Over the course of the last year or so, I’ve been looking at the way people ask and answer questions on Facebook. Much of this work happened with the phenomenal and (haystack alum!) at .
I’ve been interested in the ad hoc way people ask questions as their status messages (not using the Facebook Questions app), and how it signals some unmet needs in the search (and perhaps social) space.
We’ve identified the types and topics of questions (people ask recommendation, opinion, and factual knowledge questions about things like technology, entertainment, and home & family), motivations for asking questions (in order: trust, subjective questions, belief a search would fail, specific audience, connecting socially, and faster answers), how phrasing affects answers (the more explicitly you ask, and the more you scope your answer to a specific group or eve anyone, the more and better responses you get), and how asking questions in status messages compares to searching (it’s not as fast, but it’s a great supplement).
Lately, I’ve been looking at who answers facebook questions. For instance, in the question I posted above, how close are these friends?
The thing that prompted this direction was work done by famed sociologist Mark Granovetter. He’s known, among other things, for his seminal work on the strength of weak ties, which identified that a lot of useful information came from weak ties, acquaintances, rather than strong ties, or close friends. I’ve been interested in finding out if that’s the case when asking Facebook questions as well.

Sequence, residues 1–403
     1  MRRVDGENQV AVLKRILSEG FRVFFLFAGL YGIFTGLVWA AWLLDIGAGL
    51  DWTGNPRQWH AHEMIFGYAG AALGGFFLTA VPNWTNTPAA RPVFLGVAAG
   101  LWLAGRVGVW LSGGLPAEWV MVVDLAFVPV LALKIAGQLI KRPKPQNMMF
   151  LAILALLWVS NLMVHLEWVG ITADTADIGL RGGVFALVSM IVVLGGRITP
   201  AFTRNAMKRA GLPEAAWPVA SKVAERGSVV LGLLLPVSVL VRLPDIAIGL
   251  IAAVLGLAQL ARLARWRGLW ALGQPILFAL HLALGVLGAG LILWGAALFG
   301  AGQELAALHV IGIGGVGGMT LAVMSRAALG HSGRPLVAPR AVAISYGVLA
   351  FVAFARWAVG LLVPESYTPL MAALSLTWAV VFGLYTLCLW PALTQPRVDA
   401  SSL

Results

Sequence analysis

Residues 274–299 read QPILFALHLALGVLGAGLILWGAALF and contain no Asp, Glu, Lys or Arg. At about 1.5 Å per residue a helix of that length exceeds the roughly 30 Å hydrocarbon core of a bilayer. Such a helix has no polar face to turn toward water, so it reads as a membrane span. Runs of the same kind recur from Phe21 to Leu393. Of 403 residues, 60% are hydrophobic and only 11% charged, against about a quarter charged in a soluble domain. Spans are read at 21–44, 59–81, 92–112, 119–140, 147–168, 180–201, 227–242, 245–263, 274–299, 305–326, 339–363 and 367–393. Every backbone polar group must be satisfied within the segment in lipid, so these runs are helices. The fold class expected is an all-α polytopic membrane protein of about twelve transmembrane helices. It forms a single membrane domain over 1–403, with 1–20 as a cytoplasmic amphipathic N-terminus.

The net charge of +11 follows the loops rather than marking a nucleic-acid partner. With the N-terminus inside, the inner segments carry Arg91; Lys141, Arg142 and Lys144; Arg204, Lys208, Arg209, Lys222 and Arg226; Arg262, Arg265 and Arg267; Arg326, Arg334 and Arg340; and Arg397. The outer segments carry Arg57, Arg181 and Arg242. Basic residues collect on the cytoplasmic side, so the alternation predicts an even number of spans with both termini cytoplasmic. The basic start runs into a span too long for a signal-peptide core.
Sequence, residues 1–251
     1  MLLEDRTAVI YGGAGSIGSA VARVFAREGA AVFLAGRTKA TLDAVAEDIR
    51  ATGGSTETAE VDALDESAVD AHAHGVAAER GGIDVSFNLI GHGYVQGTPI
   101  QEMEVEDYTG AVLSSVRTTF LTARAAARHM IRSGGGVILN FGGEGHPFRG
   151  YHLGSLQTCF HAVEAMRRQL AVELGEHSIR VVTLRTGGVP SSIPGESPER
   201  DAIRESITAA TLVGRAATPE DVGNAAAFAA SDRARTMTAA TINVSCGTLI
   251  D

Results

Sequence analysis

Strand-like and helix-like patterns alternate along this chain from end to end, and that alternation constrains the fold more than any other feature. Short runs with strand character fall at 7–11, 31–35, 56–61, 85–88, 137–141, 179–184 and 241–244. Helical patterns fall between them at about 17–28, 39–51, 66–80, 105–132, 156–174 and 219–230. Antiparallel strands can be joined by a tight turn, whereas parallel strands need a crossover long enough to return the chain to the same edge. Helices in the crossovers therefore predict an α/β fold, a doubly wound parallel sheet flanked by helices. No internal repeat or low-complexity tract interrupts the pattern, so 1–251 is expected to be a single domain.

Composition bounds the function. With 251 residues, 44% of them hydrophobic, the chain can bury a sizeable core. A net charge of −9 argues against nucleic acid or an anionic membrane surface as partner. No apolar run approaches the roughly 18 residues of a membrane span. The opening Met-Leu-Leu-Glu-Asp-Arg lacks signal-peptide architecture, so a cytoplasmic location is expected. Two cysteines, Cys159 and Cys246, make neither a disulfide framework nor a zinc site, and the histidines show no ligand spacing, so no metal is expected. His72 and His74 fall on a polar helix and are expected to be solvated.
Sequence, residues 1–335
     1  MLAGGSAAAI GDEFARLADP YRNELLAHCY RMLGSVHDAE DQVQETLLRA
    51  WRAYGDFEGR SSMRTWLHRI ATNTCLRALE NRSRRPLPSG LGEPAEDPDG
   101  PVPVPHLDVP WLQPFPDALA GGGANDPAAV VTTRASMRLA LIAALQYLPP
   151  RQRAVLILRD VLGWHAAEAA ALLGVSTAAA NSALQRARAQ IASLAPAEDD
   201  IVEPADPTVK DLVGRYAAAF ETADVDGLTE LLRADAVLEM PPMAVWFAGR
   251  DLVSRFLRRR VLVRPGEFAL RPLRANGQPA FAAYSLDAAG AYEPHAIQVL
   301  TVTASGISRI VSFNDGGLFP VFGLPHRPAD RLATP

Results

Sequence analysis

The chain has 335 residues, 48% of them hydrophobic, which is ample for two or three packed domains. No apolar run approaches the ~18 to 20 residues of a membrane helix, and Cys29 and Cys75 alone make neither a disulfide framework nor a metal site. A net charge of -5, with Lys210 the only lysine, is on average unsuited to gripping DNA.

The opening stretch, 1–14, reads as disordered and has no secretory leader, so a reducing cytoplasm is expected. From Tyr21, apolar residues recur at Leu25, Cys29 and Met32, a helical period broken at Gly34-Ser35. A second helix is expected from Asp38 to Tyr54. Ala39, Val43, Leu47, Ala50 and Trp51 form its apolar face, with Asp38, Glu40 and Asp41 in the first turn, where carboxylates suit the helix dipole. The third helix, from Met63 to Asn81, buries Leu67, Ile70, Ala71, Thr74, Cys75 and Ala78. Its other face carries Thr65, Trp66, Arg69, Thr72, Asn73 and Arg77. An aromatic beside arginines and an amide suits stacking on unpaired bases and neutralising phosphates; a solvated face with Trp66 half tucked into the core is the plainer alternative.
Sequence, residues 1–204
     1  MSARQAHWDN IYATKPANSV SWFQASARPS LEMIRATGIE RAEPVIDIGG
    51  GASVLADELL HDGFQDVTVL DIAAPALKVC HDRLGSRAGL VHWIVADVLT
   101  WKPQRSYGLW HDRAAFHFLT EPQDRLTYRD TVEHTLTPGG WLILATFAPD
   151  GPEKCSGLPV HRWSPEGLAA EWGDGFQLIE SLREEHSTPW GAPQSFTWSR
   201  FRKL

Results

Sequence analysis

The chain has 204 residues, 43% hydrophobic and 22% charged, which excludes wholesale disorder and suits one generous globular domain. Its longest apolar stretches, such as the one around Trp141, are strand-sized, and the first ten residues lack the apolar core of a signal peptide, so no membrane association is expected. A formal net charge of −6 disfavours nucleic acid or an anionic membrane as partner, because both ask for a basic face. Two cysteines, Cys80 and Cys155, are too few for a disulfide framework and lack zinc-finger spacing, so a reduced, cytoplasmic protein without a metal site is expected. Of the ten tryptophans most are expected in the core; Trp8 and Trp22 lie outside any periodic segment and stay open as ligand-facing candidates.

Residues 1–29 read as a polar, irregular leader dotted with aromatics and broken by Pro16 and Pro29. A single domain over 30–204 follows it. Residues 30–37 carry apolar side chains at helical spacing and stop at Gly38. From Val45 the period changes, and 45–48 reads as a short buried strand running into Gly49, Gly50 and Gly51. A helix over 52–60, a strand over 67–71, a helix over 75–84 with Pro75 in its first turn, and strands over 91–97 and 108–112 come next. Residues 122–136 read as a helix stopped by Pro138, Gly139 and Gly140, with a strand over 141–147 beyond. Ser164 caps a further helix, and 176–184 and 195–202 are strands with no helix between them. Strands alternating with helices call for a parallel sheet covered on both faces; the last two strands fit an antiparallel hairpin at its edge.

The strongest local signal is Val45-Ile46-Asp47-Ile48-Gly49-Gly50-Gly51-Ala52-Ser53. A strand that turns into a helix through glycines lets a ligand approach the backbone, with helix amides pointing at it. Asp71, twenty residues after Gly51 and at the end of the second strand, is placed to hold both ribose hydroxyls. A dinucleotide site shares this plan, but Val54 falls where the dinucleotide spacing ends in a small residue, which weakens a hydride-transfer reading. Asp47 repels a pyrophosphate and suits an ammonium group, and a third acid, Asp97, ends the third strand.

Thus far, I’ve done a very interesting pilot study – results from the study indicate that, instead of weak ties giving you more useful and helpful responses, strong ties do. We’re currently in the process of testing this hypothesis with a bigger and better study – please email me if you’re local and are interested in participating.
One of the interesting topics in designing this has been understanding what makes an answer to a question useful or helpful – in some of our prior work, people thought answers that were unconstructive were helpful, even though they don’t seem to be on the surface. An example of answers like this for the question I linked to above would be something like “Oh Joanna Newsom! Cool!” – it’s supportive, and on-topic, but certainly not an answer to the question I asked.
We’ve thought about whether or not you might have seen the answer before as a marker of helpfulness, how on topic it is, how much you trust it, how careful you’ll be about verifying it, and other things like that. What makes an answer useful or helpful to you?